States vs. SALT

Each year, thousands of professionals use their creativity and ingenuity to try to figure out the best ways to lower your federal taxes.  You know you’re living in interesting times when state lawmakers join that crowd.

The reason they’re working so hard is something popularly known as the SALT provisions of the new Tax Cuts + Jobs Act, which set a firm $10,000 limit on the deductibility of state and local taxes.  That limit isn’t such a big deal for residents of Texas or Florida, and other states that don’t collect income taxes.  But people living in New York, New Jersey, Connecticut and California generally pay far more than $10,000 to the state alone, on top of the property and municipal taxes they’re assessed.

Those higher-tax states are now using that aforementioned creativity and ingenuity to help their citizens get back those deductions—and some of the proposed solutions are indeed quite creative.  For instance, New York has already begun allowing taxpayers to, instead of paying their local property taxes, simply make a comparable charitable contribution to a charity set up by their local school district.  Presto!  What used to be a tax is now a charitable contribution that would be deductible for taxpayers who itemize.  The state would also allow New York City and other municipalities to set up their own charitable trusts, converting local taxes into deductible charitable contributions as well.

Not to be outdone, New Jersey and Connecticut are attempting to reclassify state taxes as charitable contributions, while New York plans to allow taxpayers to convert their state income tax into a payroll tax, which their employers would pay on their behalf—and then deduct from their federal tax bill.

Even more creative: California’s Senate Bill 227 would create something called the “California Excellence Fund,” which would provide a credit against state income tax liability for any contributions to the fund—effectively recharacterizing as much of the state tax liability as the resident wants into deductible charitable donations.  Similar legislation has been introduced in Illinois, Nebraska and Virginia.  In Washington state, which doesn’t levy an income tax, a copycat bill would let taxpayers make charitable contributions to the state and receive a sales tax exemption certificate in return.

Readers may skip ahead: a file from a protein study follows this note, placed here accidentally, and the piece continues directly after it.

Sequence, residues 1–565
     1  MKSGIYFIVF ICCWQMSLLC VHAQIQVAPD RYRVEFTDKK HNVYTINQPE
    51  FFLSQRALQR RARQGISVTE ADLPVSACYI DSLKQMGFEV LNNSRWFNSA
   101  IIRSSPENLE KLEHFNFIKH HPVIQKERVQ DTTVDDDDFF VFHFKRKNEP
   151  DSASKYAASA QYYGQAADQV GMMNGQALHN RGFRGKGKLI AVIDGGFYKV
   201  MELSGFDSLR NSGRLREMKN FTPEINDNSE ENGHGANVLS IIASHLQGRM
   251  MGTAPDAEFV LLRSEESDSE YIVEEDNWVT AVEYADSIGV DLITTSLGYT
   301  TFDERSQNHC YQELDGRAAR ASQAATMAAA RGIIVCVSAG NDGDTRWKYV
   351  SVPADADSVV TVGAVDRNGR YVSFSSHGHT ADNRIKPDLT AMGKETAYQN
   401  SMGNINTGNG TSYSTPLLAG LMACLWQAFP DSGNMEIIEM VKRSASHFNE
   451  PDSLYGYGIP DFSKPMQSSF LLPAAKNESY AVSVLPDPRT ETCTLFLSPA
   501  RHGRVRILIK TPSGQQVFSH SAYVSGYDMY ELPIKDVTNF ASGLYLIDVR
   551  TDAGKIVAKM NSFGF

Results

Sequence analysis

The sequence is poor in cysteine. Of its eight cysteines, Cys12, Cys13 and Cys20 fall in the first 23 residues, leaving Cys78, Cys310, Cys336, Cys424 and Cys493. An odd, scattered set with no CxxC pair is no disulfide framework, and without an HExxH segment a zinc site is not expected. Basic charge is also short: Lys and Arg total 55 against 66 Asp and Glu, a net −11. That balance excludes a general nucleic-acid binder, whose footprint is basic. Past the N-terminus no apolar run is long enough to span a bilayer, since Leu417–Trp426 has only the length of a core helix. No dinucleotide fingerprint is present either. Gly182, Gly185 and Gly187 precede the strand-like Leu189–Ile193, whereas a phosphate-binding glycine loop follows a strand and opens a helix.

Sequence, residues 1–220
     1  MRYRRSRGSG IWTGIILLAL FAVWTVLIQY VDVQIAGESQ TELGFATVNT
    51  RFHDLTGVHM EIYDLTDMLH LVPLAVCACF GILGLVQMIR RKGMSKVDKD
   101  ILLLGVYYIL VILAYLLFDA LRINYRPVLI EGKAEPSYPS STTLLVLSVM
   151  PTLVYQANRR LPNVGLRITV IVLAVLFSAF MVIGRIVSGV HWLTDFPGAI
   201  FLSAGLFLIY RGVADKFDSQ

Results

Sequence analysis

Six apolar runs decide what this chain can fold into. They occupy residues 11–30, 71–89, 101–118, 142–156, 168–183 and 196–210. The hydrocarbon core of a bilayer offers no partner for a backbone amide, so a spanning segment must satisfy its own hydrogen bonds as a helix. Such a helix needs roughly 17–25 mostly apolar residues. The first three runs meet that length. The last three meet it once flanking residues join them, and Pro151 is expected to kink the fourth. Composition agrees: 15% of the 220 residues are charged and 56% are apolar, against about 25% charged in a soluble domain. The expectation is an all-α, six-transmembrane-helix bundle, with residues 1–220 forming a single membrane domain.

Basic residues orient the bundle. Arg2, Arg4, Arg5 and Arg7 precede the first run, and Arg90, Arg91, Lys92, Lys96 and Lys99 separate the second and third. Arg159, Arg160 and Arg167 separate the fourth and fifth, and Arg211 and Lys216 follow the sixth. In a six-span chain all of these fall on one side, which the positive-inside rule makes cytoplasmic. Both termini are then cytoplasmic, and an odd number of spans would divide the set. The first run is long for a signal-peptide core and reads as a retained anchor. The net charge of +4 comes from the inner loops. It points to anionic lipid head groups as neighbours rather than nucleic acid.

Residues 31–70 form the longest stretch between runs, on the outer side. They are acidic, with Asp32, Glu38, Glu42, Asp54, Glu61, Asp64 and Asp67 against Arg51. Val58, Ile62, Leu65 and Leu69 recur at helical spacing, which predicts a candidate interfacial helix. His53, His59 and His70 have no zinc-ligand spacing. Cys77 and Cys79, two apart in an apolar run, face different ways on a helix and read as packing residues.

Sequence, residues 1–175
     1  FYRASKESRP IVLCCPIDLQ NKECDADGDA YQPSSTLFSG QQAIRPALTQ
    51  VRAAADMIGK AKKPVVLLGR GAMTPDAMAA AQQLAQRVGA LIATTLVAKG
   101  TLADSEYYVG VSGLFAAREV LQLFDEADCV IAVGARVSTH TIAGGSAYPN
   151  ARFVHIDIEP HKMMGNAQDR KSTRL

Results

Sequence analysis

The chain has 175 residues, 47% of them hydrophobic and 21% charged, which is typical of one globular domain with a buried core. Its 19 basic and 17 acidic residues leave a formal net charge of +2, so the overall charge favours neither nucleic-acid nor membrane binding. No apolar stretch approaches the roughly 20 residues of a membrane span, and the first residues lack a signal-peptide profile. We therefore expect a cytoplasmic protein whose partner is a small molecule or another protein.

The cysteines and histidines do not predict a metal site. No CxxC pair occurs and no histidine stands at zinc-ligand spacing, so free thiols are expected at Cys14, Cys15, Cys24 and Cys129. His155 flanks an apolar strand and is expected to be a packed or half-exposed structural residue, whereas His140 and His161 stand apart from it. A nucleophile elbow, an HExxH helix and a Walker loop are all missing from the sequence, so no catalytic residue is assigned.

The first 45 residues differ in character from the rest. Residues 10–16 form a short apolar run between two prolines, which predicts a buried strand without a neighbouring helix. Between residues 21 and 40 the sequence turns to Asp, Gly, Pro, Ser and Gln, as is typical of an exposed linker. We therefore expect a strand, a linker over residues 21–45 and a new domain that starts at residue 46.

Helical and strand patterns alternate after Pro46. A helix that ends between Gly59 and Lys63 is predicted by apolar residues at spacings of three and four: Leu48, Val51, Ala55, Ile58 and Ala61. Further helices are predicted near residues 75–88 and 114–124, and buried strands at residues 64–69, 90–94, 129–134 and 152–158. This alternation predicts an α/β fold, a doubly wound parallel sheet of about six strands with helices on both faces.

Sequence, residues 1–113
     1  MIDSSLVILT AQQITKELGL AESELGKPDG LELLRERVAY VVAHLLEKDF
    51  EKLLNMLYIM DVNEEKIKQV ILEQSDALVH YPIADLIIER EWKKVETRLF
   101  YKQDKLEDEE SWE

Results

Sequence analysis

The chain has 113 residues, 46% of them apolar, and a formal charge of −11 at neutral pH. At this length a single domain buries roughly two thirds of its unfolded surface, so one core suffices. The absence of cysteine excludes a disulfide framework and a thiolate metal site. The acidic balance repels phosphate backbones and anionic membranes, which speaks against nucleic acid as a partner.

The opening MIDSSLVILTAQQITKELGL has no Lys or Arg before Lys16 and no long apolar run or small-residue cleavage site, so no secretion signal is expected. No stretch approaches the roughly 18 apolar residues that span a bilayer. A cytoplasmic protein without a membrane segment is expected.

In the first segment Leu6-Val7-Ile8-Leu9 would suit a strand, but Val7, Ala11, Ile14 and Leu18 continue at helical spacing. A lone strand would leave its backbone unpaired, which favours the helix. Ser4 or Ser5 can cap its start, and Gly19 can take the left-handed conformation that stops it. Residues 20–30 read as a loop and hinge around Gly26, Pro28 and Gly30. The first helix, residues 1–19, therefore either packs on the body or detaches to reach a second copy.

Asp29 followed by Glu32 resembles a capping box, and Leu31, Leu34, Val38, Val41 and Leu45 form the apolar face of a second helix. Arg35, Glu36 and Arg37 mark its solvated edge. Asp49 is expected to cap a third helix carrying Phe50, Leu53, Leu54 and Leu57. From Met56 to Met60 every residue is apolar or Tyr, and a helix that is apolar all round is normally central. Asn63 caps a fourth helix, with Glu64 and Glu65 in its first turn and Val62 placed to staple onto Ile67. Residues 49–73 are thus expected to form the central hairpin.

The most complicated solution is being proposed in Connecticut, whose legislature is finalizing a bill that would impose an “entity-level” tax on pass-through companies like Subchapter S corporations and LLCs—entities which normally are only taxed at the shareholder level.  (Hence the name “pass-through.”) Those entity-level taxes would be deductible by the S corp. or LLC, and the state would issue an offsetting individual income tax credit to shareholders of the entity.  Presto!  The state income tax becomes deductible at the company level, and the individual’s state income tax obligation goes away.  Connecticut’s Department of Revenue Services estimates that this provision would recover $600 million in otherwise-lost SALT deductions for state residents in the first year alone.

Is any of this legal?  We don’t know yet.  The IRS has recently issued a broad warning against states’ creative use of charitable contributions, and it never helps a future tax court case when lawmakers openly tout their intentions to evade the federal SALT provisions when they introduce state legislation.  But tax experts note that the IRS has provided favorable rulings in more narrow cases regarding the federal deductibility of state tax credits in 33 states.

For instance, Alabama has, for years, provided a 100% state tax credit for taxpayers who donate money to organizations that give children vouchers to attend private school.  New York’s new SALT-related provision would give an 85% state tax credit to residents who donate to a local charitable fund that supports education.  Is one legit but the other not?


This article was written for information purposes only and its content should not be construed by any consumer and/or prospective client as rebel Financial’s solicitation to affect, or attempt to affect transactions in securities, or the rendering of personalized investment advice for compensation. No client or prospective client should assume that any such discussion serves as the receipt of, or a substitute for, personalized advice from rebel Financial, or from any other investment professional. See our disclosures page for more information.


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